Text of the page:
Happy Valentine's Day! As I am rather extremely unattached romantically this decade, I have no major plans. I'm behind on work, so I imagine I will be spending much of the day with Owen. I could do worse. Come to think of it, even with him being fictional and even with this involving work, it's still probably better than my last few dates and almost-dates. I'm sure chocolate will be involved at some point, considering I still have chocolate stashed around from last year's post-Valentine's Day sales. I may have a minor chocolate hoarding problem.
As for the music class, I survived! Actually, I did better than I expected to. I think I sounded reasonably good, and I wasn't quite as panic stricken as I thought I'd be. I still got a little tense, which made a few notes go sharp on me, and I was pretty much paralyzed, so there was next to no expression. But I got through it okay without messing up badly, and I had a good tone. It wasn't quite performance at the Met quality, but then it wasn't a performance at the Met. It was my first performance in a non-credit community college class.
And that shift in perspective seems to have helped make the difference. Somewhere along the way, I think the shift from self-consciousness to paralyzing stage fright came from a weird stroke of radical perfectionism. I was measuring myself against the wrong people. I have some God-given raw talent in this area, a nice voice and a pretty big range, as well as a decent musical background from years in band and church choirs, but very little voice training. Yet I wasn't measuring myself against other people who'd had some bits of training and mostly sang for fun. I was measuring myself against people who'd been taking private lessons since they were teens, were voice majors (my freshman roommate in college), who had advanced degrees in music or sang professionally. I knew I couldn't do as well as they did even as I expected myself to, and if I fell short at all, I felt like a failure, so I was even more nervous about the next time, and a downward spiral started so that every "failure" made me even more scared.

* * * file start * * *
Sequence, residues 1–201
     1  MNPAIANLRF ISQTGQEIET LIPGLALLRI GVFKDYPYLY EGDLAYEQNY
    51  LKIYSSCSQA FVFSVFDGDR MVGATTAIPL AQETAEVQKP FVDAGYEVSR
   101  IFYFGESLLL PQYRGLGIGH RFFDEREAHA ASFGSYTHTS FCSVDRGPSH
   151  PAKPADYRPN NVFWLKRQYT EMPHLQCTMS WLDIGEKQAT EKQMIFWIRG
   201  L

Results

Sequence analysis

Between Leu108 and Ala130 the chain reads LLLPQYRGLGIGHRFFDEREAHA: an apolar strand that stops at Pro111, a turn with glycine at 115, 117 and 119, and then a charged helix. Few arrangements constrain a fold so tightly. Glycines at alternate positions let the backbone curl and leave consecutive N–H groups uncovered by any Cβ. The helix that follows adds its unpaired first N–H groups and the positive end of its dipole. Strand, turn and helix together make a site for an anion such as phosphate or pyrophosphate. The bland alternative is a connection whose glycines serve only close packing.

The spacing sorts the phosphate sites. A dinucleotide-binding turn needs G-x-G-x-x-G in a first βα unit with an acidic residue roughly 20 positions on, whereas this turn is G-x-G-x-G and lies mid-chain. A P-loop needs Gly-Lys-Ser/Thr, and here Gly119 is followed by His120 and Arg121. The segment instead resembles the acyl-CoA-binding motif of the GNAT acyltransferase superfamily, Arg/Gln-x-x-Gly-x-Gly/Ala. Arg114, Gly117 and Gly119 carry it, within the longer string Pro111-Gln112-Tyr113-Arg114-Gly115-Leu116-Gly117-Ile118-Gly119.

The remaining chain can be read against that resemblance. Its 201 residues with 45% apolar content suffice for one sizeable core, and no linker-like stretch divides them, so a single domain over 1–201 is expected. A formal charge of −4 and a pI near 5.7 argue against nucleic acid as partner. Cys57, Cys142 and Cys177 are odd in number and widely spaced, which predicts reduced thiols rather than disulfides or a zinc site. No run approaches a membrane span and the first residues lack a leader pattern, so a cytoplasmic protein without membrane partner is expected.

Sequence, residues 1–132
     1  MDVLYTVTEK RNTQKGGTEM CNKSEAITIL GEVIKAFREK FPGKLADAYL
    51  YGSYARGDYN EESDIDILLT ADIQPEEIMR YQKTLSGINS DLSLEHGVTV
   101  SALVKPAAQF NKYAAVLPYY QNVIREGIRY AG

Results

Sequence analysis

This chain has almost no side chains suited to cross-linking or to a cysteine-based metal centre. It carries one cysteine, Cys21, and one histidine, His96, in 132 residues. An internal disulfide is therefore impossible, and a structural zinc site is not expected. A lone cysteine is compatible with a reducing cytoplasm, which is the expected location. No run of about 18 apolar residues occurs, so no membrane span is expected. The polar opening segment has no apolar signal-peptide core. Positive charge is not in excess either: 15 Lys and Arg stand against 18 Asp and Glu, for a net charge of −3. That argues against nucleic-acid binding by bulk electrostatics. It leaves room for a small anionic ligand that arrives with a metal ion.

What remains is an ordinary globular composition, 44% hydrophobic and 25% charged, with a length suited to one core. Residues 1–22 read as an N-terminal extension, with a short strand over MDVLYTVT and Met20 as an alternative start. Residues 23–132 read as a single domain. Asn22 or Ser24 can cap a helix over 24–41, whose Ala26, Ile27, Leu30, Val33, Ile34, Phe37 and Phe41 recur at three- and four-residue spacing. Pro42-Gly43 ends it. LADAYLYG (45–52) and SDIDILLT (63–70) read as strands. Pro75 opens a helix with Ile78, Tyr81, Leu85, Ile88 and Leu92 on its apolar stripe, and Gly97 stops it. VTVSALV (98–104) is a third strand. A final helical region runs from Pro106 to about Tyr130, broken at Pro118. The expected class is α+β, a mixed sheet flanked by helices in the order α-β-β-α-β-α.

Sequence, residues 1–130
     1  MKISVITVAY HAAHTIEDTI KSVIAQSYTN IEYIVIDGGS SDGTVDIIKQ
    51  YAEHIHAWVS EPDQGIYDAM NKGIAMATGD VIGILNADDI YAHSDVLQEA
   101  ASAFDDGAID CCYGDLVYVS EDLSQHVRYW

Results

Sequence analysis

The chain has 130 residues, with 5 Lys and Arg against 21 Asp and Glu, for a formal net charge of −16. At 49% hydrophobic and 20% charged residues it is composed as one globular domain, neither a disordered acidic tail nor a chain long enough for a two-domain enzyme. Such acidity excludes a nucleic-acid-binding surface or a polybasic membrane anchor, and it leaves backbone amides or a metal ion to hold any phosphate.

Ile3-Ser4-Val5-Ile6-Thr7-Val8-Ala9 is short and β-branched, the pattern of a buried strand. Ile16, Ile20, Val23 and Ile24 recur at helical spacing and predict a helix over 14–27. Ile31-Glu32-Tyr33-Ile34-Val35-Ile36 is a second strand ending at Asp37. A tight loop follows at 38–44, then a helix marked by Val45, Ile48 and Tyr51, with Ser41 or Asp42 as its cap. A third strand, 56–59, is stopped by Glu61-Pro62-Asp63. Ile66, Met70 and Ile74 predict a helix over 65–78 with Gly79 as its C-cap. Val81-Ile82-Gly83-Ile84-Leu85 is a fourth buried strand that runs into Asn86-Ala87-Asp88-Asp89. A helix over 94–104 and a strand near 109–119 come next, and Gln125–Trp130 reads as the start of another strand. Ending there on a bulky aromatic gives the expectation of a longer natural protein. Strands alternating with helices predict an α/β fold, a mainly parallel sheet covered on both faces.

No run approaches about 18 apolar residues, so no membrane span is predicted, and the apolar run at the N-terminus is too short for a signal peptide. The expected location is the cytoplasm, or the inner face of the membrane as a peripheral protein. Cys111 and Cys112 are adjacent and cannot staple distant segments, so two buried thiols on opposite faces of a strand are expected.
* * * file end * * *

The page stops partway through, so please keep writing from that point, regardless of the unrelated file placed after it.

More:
But the thing is, I have no desire to perform at the Met. I don't even like opera. I used to sometimes have dreams of performing on Broadway, but I knew I didn't want it badly enough to wait tables or make other sacrifices to get there, which meant I'd be at a disadvantage against those who were willing. I just want to be able to sing solos in church choir performances, sing at friends' weddings and maybe audition for community theater productions without having a panic attack. There are a few book events where they make authors show off some other talent, so it would be handy to be able to put the pipes to use, and next time I'm in a jazz club or piano bar and someone puts a microphone in my hand, I'd like to be able to have fun with it. Getting the right perspective and forcing myself to face my fears may turn this around.
The really freaky thing came after the performance when I had to stand there while the class and teacher critiqued me, and then the teacher made me go through the song again bit by bit, with her correcting me along the way. That's when I got really nervous and lost control of the tone, but by the end I'd settled down again. Now I have a few weeks before I have to sing again, but the song I have to learn this time is in Italian.
And now it's time to go snuggle up with Owen on a potentially snowy Valentine's Day afternoon.